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Sea Stories

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By: George Manville Fenn (1831-1909)

Book cover Blue Jackets The Log of the Teaser
Book cover The Little Skipper A Son of a Sailor
Book cover Sail Ho! A Boy at Sea
Book cover Cutlass and Cudgel

Based around the crew of cutter HMS White Hawk, this is a tale of smuggling in the early 19th century off the coast of Wessex. The midshipman of the cutter is taken hostage by the smugglers and is befriended by a farm-boy, son of one of the smugglers. His friendship is rudely rebuffed, the midshipman eventually escapes and the farm-boy gets his long-held dream of becoming a seaman on an Excise vessel.

Book cover Nic Revel A White Slave's Adventures in Alligator Land
Book cover King o' the Beach A Tropic Tale
Book cover Middy and Ensign
Book cover Hunting the Skipper The Cruise of the "Seafowl" Sloop
Book cover Mother Carey's Chicken Her Voyage to the Unknown Isle
Book cover In the King's Name The Cruise of the "Kestrel"
Book cover Syd Belton The Boy who would not go to Sea
Book cover The Lost Middy Being the Secret of the Smugglers' Gap

By: Sir Stephen King-Hall

Diary of a U-boat Commander by Sir Stephen King-Hall Diary of a U-boat Commander

The infamous U boats deployed by Germany in the two World Wars have spawned several works of fiction and non-fiction. These deadly vessels were not just efficient and lethal killing machines, but they were also used very effectively in economic blockades. They were positioned primarily to obstruct the conveyance of fuel, food and other essential supplies which the enemy needed to sustain the war effort. In the Diary of a U Boat Commander, the author, Stephen King-Hall draws upon his vast personal experiences as a naval officer in World War I...

By: Laura Lee Hope

Book cover The Bobbsey Twins at the Seashore

In this third volume of the “Bobbsey Twin Series”, the twins – Nan and Bert and Freddie and Flossie – go with their family to visit relatives at the seashore. Excitement and adventure are sure to abound!

Book cover Six Little Bunkers at Cousin Tom's

By: Frederick Marryat (1792-1848)

Mr. Midshipman Easy by Frederick Marryat Mr. Midshipman Easy

One of the first novel-length pieces of nautical fiction, MR. MIDSHIPMAN EASY (1836) is a funny and easygoing account of the adventures of Jack Easy, a son of privilege who joins the Royal Navy. The work begins as a satire on Jack’s attachment to “the rights of man” that may try the listener’s patience. But despair not, for the story soon settles down as the philosophical midshipman begins his many triumphs over bullies, foul weather, and various damned foreigners of murderous intent.Caveat audiens: This novel employs racial/ethnic epithets and religious stereotypes, as well as taking a rather sunny view of supply-side economics...

Book cover The Phantom Ship
Book cover The Phantom Ship
Book cover The Privateersman
Book cover Jacob Faithful

Rebelling against the career chosen for him by his wealthy family, Frederic Marryat joined the Royal Navy in 1806 at the age of 14. He first served as a midshipman in the 38-gun frigate "HMS Imperieuse" commanded by Lord Cochran, 10th Earl of Dundonald whose real life exploits were used by Marryat in his fiction and which formed the basis for other famous fictional characters like Horatio Hornblower and Jack Aubrey. Having survived more than 50 sea battles and attained the rank of Post Captain, he resigned from the Navy and devoted the rest of his life to writing, drawing a good deal on his distinguished career in the Navy and is now considered the Father of Modern Nautical Fiction...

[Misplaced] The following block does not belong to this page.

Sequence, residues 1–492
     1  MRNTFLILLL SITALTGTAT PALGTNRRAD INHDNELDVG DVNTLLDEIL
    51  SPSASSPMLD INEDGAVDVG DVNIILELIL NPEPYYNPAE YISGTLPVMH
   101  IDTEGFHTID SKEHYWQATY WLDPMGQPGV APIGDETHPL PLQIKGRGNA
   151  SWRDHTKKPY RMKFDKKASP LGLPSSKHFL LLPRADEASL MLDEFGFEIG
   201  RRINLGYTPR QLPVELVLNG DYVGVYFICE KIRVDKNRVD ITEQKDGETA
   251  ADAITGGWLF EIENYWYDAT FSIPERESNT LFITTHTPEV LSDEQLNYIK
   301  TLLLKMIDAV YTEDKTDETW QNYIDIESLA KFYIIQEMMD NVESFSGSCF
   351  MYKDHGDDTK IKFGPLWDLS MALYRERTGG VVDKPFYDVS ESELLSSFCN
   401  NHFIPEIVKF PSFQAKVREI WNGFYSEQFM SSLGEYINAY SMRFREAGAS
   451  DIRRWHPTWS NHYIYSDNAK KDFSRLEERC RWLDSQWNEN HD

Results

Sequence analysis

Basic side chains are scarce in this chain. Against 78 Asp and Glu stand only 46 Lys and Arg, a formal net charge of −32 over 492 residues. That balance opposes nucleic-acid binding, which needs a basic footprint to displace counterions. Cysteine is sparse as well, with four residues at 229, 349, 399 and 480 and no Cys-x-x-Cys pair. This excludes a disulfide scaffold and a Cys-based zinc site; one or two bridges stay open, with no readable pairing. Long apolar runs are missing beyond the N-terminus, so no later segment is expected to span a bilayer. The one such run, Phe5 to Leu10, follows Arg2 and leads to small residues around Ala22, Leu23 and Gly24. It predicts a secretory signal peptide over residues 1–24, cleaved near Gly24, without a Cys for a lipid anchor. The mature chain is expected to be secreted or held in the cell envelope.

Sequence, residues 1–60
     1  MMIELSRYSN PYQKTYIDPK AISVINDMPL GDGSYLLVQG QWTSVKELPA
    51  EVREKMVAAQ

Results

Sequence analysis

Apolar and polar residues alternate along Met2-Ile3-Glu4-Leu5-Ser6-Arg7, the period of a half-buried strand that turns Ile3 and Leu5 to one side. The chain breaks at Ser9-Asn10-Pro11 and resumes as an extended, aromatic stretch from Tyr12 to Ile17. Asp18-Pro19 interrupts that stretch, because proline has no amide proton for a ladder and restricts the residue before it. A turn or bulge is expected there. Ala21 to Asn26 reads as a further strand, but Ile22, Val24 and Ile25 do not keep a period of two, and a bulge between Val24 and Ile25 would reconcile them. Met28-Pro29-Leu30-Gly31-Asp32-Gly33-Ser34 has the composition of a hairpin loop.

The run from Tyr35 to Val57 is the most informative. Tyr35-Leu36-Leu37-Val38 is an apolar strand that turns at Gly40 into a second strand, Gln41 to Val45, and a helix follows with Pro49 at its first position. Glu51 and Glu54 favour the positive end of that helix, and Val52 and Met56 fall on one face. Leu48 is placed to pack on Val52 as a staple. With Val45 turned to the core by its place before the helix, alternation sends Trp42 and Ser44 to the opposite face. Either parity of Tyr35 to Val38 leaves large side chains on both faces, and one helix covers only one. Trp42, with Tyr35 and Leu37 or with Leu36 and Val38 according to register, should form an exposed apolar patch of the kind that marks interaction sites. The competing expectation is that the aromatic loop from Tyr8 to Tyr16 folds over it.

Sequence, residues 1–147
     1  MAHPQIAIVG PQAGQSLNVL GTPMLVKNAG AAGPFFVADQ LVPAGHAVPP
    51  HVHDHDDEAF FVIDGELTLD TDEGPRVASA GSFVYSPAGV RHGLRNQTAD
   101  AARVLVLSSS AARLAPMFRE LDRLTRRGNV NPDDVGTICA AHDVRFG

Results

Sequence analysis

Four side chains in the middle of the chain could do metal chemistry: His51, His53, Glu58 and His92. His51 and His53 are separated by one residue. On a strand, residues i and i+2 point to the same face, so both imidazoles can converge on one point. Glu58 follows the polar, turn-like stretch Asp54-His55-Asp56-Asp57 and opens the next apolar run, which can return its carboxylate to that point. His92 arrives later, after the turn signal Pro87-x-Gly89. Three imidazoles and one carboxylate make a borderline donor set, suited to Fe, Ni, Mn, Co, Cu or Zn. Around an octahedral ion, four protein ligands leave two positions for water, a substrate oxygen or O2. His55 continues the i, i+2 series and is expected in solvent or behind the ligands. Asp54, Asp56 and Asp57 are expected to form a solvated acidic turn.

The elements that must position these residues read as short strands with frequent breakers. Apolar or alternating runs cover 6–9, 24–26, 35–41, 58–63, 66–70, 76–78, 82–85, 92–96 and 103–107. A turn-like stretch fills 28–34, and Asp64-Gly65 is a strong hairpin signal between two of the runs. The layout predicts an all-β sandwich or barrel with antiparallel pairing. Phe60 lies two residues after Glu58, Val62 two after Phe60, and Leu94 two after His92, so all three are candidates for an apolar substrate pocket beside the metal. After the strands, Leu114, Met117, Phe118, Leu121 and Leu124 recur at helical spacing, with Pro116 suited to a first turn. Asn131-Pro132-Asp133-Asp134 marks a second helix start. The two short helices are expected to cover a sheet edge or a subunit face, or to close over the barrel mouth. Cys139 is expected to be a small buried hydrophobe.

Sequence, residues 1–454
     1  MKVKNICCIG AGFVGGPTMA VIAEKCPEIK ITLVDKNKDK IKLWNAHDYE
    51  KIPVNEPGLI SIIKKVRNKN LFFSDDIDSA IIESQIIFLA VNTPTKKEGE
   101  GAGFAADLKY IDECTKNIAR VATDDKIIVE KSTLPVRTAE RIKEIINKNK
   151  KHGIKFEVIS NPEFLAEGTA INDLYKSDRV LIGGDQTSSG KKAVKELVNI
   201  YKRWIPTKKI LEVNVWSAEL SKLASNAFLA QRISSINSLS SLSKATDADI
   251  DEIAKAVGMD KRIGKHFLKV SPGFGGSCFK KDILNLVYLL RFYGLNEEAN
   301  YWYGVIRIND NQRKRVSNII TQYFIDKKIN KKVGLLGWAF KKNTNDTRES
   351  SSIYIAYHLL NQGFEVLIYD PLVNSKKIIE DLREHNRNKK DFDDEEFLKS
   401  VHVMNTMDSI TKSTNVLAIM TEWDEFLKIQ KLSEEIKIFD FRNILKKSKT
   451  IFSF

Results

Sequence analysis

Book cover Jacob Faithful

Rebelling against the career chosen for him by his wealthy family, Frederic Marryat joined the Royal Navy in 1806 at the age of 14. He first served as a midshipman in the 38-gun frigate "HMS Imperieuse" commanded by Lord Cochran, 10th Earl of Dundonald whose real life exploits were used by Marryat in his fiction and which formed the basis for other famous fictional characters like Horatio Hornblower and Jack Aubrey. Having survived more than 50 sea battles and attained the rank of Post Captain, he resigned from the Navy and devoted the rest of his life to writing, drawing a good deal on his distinguished career in the Navy and is now considered the Father of Modern Nautical Fiction...

Book cover The Pirate, and The Three Cutters
Book cover Poor Jack
Book cover Poor Jack
Book cover Frank Mildmay Or, the Naval Officer
Book cover Snarleyyow

This is a quite amusing nautical tale of the British Navy of the around the year 1700. While, as with much early 'humor', it is somewhat heavy-handed, the sympathies of the author are clear and good, and cruelty is often averted by good fortune or background characters. First published under the title 'The Dog Fiend', the primary characters are an evil captain of a cutter and his dog. The dog seems indestructible, as is the poor cabin boy who is the butt of the captain's ill humor, and who often is chewed on by the dog...

Book cover The Three Cutters
Book cover Newton Forster The Merchant Service
Book cover Peter Simple; and, The Three Cutters, Vol. 1-2
Book cover The Privateer's-Man One hundred Years Ago
Book cover Naval Officer, or Scenes in the Life and Adventures of Frank Mildmay

Marryat was a midshipman under Captain Cochrane and this, his first naval adventure, is considered to be a highly autobiographical telling of his adventures with one of Britain's most famous and daring naval captains.

Book cover Newton Forster

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